At a May rally outside the General Assembly in Raleigh they called it today’s “civil rights issue” on a par with laws protecting Black and LGBTQ people from being denied service at a lunch counter or a cake shop. What is this new invidious form of discrimination that rallygoers demand to be protected against? Vaccines. The greatest health advance known to humankind has become their hill to die on.
With “die” being the operative word.
As a North Carolinian and one of 10 million immunocompromised people who are particularly at risk during this COVID-19 pandemic, I was unable to counter-protest in person, so I took my message to the skies with an aerial banner: “WANT TO FEEL FREE? GET A VACCINE! #ScienceSaves”.
To be frank, I never thought I’d be in this position of asking, pleading with my neighbors to care about me and others. They seem blind to or simply disinterested in the human toll that is guaranteed to come if their activism succeeds and we don’t reach herd immunity due to vaccine hesitancy.
Their rally was in support of HB 558, a bill that would prohibit requiring proof of vaccination or immunity in public accommodations, employment, or to attend any school, public or private. Never mind COVID-19, this bill would apply to any illness, meaning unvaccinated children susceptible to the measles and other deadly childhood diseases could attend public school.
This is a warped understanding of liberty. Your freedom to drive a car does not include the right to ignore stop signs. People who speed through stop signs risk not only their personal safety but that of the rest of us. And so is it with people who reject vaccines during a pandemic. Reasonable safety regulations are essential right now. If we do not have 70 percent of the population with immunity, the virus will continue to spread and potentially mutate into new and possibly vaccine-resistant variants.
There are 593,000 dead Americans so far. How many more have to die for “freedom”?
And freedom comes in many forms. Getting vaccinated means freedom from the likelihood of catching the virus and freedom from the fear and anxiety of spreading it to loved ones. People cry in relief when they get vaccinated.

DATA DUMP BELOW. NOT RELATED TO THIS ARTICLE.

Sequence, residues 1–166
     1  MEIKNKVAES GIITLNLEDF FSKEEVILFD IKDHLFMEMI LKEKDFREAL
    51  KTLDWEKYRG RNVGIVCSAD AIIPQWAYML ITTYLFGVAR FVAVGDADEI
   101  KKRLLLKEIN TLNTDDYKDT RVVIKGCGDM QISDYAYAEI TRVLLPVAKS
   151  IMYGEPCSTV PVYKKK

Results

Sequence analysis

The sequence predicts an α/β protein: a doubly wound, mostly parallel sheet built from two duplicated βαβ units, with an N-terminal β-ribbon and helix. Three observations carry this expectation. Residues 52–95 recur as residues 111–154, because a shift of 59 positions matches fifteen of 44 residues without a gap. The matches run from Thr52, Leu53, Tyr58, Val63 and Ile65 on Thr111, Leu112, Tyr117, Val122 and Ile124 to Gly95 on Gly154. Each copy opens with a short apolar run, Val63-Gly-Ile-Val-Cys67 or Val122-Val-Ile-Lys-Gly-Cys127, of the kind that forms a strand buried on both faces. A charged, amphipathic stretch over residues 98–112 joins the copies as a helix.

Anti-vaxxers are terrified, but they are afraid of the wrong thing. Vaccines have side-effects, but they are vastly safer than COVID itself. Being afraid of vaccines rather than the virus is like being afraid of seatbelts rather than car accidents.
People opposed to vaccines claim that to require vaccine passports to travel, shop, or keep a job is discrimination. Wrong. It is a consequence of a choice to put others at risk. Businesses should not be allowed to discriminate, but they should be allowed to enforce consequences, such as barring employees who endanger their fellow workers.
My body does not remember vaccines well. Immunocompromised people, transplant patients, and many cancer patients rely on others to be vaccinated in order to protect them. Government offices, schools, and businesses should be allowed to make themselves safe for people like me (and everyone else) by requiring proof of immunity.
If you choose not to be vaccinated, that is your right. But why should a store clerk, teacher, veterinarian, or restaurant server have to put themselves at risk by being around you? Requiring proof of immunity for service is not discrimination. It is a consequence of you choosing not to help thy neighbor.
Todd Stiefel is chair of the ScienceSaves Campaign Raleigh.